Longer work hours may warm climate

U.S. employees work an average of 16 percent more hours per year than most of their European counterparts do—often with no increased productivity—a new study notes. A longer workday requires more energy for heat, light, and power, and the atmospheric emissions from that extra energy use contribute substantially to U.S. releases of greenhouse gases, including carbon dioxide.

U.S. workers typically labor some 1,817 hours per year, compared with 1,560 hours per year among Europeans, who have shorter workdays and more vacation.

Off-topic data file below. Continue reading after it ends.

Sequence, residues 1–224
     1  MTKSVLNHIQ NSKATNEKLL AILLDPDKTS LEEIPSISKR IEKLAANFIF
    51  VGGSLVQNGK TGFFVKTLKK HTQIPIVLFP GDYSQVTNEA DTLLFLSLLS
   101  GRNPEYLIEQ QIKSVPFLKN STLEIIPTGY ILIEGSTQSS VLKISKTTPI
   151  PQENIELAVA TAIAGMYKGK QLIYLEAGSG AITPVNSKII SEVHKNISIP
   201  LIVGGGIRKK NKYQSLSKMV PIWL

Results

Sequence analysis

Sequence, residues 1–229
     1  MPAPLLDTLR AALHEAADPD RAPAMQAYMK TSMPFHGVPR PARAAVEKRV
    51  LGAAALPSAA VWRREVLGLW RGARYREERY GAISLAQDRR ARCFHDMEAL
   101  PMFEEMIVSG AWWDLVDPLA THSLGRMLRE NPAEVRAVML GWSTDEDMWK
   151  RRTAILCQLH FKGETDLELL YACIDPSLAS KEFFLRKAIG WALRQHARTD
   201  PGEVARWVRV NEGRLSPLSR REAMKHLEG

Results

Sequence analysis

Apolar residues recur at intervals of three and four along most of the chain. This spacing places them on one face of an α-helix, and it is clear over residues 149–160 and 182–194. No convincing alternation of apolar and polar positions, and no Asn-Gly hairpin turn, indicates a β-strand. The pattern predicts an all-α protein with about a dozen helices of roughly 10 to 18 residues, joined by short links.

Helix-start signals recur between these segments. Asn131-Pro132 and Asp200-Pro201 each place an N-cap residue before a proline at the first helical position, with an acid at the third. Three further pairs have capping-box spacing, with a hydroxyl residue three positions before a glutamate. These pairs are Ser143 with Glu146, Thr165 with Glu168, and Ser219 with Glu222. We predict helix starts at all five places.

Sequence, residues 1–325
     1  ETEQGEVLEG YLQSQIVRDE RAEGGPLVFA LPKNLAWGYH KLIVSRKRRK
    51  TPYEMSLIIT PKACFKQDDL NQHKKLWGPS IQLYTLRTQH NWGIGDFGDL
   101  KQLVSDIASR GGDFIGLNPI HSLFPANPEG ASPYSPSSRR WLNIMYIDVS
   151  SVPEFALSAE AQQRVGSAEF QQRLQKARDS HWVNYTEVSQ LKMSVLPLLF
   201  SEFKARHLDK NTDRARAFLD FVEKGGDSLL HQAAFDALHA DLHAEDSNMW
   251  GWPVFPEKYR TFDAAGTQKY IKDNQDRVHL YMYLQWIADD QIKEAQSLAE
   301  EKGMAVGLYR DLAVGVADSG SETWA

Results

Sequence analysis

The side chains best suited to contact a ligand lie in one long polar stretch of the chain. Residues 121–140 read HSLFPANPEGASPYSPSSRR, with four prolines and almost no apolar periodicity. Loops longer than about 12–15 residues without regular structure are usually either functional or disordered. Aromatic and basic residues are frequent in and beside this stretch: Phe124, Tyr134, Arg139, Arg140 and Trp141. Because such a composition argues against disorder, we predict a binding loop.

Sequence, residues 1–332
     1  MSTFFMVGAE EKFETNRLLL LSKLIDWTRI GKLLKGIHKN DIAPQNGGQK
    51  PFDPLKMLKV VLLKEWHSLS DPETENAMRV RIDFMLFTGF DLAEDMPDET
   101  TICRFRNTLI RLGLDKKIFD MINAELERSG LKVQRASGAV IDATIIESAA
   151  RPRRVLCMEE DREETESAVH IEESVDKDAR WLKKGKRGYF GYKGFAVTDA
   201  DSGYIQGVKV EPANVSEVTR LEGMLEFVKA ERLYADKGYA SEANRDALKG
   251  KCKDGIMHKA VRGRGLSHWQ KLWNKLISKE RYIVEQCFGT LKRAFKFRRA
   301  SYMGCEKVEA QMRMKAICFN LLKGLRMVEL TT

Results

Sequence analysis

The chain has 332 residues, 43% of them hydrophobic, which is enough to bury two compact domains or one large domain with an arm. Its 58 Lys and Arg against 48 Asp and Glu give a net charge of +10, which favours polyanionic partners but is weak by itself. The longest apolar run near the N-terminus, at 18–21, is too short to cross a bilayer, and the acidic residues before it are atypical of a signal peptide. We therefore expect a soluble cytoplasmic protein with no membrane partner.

“If the United States had adopted European standards for work hours, U.S. carbon dioxide emissions in 2000 would have been 7 percent lower than its actual 1990 emissions,” conclude report authors David Rosnick and Mark Weisbrot of the Center for Economic and Policy Research in Washington, D.C.

They note that other developed nations are moving toward U.S. labor habits. In Europe, this could increase energy consumption by 30 percent. Rosnick and Weisbrot calculate that “if, by 2050, the world works as many hours as do Americans … [t]he additional carbon emissions could result in 1° to 2°C in extra global warming.”

Janet Raloff

Janet Raloff is the Editor, Digital of Science News Explores, a daily online magazine for middle school students. She started at Science News in 1977 as the environment and policy writer, specializing in toxicology. To her never-ending surprise, her daughter became a toxicologist.

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